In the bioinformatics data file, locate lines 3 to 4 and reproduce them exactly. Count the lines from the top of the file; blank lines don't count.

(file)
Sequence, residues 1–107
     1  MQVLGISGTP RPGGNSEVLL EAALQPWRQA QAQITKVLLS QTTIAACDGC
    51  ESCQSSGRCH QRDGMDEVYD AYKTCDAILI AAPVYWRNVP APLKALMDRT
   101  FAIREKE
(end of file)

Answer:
    51  ESCQSSGRCH QRDGMDEVYD AYKTCDAILI AAPVYWRNVP APLKALMDRT
   101  FAIREKE